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SMR waves

Contents

Description

The Sensory Motor Rhythm (SMR) is also called Mu rhythm (find a more detailed article there). It is an oscillatory idle rhythm of synchronized electromagnetic brain activity. It appears in spindles in recordings of EEG, MEG, and ECoG over the sensorimotor cortex. For most individuals, the frequency of the SMR is in the range of 12 to 15 Hz[1].

Meaning

The meaning of SMR is not fully understood. Phenomenologically, a person is producing a stronger SMR amplitude when the corresponding sensory-motor areas are idle, e.g. during states of immobility. SMR typically decrease in amplitude when the corresponding sensory or motor areas are activated, e.g. during motor tasks and even during motor imagery.[2]

Conceptually, SMR is sometimes mixed up with alpha waves of occipital origin, the strongest source of neural signals in the EEG. One reason might be, that without appropriate spatial filtering the SMR is very difficult to detect as it is usually superimposed by the stronger occipital alpha waves.

Relevance in research

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Neurofeedback

Neurofeedback training can be used to gain control over the SMR activity. Neurofeedback practitioners believe - and have produced experimental evidence to back up their claims[3] - that this feedback enables the subject to learn the regulation of their own SMR. People with learning disabilities,[4] ADHD,[5] epilepsy,[6] and autism may benefit from an increase in SMR activity via neurofeedback. In the field of Brain-Computer Interfaces (BCI), the deliberate modification of the SMR amplitude during motor imagery can be used to control external applications [7].

See also

References

  1. ^ Wyrwicka, W. & Sterman, M.B. (1968). Instrumental conditioning of sensorimotor cortex eeg spindles in the waking cat. Physiology and Behavior, vol. 3,pp. 703–707.
  2. ^ Ernst Niedermeyer, Fernando Lopes da Silva Electroencephalography. Basic principles, Clinical Applications and Related Fields. 3rd edition, Williams & Wilkins Baltimore 1993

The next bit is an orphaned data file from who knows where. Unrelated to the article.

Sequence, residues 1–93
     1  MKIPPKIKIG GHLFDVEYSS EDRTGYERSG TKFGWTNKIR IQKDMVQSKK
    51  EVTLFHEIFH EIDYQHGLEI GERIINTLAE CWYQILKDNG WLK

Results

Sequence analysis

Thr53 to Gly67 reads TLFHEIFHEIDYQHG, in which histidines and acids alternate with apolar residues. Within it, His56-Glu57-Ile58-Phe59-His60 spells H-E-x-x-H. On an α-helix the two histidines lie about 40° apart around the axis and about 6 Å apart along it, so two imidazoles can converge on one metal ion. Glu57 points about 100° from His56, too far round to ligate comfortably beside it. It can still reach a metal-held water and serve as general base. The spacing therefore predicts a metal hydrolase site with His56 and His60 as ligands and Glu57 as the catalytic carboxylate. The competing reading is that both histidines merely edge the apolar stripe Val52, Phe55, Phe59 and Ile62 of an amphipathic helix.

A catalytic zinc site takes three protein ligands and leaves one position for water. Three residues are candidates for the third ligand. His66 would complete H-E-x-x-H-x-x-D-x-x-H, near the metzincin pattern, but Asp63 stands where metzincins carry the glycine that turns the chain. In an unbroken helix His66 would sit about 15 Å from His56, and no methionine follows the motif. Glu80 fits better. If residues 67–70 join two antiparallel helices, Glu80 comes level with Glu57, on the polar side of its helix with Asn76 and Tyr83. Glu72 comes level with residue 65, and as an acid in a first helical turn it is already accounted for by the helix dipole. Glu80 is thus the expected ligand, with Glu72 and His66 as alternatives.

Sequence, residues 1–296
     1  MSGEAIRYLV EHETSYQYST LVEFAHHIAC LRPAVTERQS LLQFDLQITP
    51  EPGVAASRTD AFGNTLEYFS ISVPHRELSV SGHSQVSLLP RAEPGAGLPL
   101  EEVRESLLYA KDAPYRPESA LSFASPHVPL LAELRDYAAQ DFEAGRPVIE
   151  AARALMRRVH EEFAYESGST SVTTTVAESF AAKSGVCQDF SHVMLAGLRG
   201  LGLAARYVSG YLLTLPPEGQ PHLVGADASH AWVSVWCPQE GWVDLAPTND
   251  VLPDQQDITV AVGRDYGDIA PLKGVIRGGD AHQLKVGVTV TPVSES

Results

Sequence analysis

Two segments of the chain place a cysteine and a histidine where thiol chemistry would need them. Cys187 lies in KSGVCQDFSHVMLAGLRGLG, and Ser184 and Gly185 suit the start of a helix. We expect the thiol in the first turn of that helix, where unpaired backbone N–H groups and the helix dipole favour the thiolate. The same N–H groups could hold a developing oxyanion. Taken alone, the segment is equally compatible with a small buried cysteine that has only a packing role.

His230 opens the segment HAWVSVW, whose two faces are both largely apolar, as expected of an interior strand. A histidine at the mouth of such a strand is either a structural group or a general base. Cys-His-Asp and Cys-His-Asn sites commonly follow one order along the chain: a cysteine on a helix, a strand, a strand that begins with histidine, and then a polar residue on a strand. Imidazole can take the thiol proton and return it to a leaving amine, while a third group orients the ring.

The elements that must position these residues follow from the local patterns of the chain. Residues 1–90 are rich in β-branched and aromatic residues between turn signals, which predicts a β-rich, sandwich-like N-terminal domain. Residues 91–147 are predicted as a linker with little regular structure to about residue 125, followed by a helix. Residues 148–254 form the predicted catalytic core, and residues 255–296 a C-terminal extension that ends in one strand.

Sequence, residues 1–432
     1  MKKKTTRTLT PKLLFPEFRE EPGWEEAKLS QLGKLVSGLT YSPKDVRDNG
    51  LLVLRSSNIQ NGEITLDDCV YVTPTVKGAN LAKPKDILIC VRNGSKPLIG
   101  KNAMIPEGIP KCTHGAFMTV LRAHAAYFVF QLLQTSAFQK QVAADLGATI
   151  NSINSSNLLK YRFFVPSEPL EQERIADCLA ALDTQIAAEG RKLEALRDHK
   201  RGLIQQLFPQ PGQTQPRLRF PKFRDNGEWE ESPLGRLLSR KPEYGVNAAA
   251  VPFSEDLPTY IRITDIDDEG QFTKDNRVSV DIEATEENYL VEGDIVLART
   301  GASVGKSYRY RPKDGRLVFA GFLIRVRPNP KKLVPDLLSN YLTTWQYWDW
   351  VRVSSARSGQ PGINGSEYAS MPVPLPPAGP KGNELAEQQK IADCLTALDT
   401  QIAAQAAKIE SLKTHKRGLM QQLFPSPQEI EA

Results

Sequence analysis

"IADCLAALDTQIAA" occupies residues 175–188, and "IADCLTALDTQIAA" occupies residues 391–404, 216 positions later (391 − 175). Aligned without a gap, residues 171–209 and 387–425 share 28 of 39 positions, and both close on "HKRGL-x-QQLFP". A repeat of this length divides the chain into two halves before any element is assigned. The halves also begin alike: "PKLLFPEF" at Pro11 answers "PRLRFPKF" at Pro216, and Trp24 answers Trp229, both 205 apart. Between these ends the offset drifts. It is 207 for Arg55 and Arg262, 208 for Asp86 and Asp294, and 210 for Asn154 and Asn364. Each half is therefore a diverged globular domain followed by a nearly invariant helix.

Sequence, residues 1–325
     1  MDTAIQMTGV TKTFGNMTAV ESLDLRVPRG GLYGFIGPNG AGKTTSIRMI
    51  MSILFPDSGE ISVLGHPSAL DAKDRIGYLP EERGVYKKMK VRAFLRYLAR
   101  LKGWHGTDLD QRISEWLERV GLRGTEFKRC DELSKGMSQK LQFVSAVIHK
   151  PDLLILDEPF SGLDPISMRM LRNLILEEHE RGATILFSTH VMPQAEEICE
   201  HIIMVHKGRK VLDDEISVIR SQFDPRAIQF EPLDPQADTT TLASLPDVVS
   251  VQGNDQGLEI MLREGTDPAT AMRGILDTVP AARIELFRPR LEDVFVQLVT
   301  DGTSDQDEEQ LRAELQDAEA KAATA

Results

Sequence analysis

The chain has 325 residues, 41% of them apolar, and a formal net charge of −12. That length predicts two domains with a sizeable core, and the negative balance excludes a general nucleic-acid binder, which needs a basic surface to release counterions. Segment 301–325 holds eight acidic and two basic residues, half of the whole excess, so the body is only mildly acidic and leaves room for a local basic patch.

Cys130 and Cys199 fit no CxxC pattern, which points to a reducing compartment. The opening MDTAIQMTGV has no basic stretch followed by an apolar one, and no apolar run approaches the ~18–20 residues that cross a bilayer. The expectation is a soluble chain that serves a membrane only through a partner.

3. ^ Tobias Egner and M. Barry Sterman, “Neurofeedback treatment of epilepsy: From basic rationale to practical application,” in press
  4. ^ PMID 6542077
  5. ^ Vernon, David; Tobias Egner, Nick Cooper, Theresa Compton, Claire Neilands, Amna Sheri and John Gruzelier (January 2003). "The effect of training distinct neurofeedback protocols on aspects of cognitive performance". International Journal of Psychophysiology 47 (1): 75–85. doi:10.1016/S0167-8760(02)00091-0.  
  6. ^ Egner, Tobias; M Barry Sterman (February 2006). "Neurofeedback treatment of epilepsy: from basic rationale to practical application". Expert Review of Neurotherapeutics (Future Drugs) 6 (2): 247–257. doi:10.1586/14737175.6.2.247.  
  7. ^ Andrea Kübler and Klaus-Robert Müller. An introduction to brain computer interfacing. In Guido Dornhege, Jose del R. Millán, Thilo Hinterberger, Dennis McFarland, and Klaus-Robert Müller, editors, Toward Brain-Computer Interfacing, pages 1-25. MIT press, Cambridge, MA, 2007

Further reading

  • Robbins, Jim (2000). A Symphony in the Brain.  
  • M. B. Sterman and W. Wyrwicka, “EEG correlates of sleep: Evidence for separate forebrain substrates,” Brain Research, vol. 6, 1967, pp. 143–163.
  • W. Wyrwicka and M. B. Sterman, “Instrumental conditioning of sensorimotor cortex eeg spindles in the waking cat,” Physiology and Behavior, vol. 3, 1968, pp. 703–707.
  • Warren, Jeff (2007). "The SMR". The Head Trip: Adventures on the Wheel of Consciousness. Toronto: Random House Canada. ISBN 978-0679314080.  

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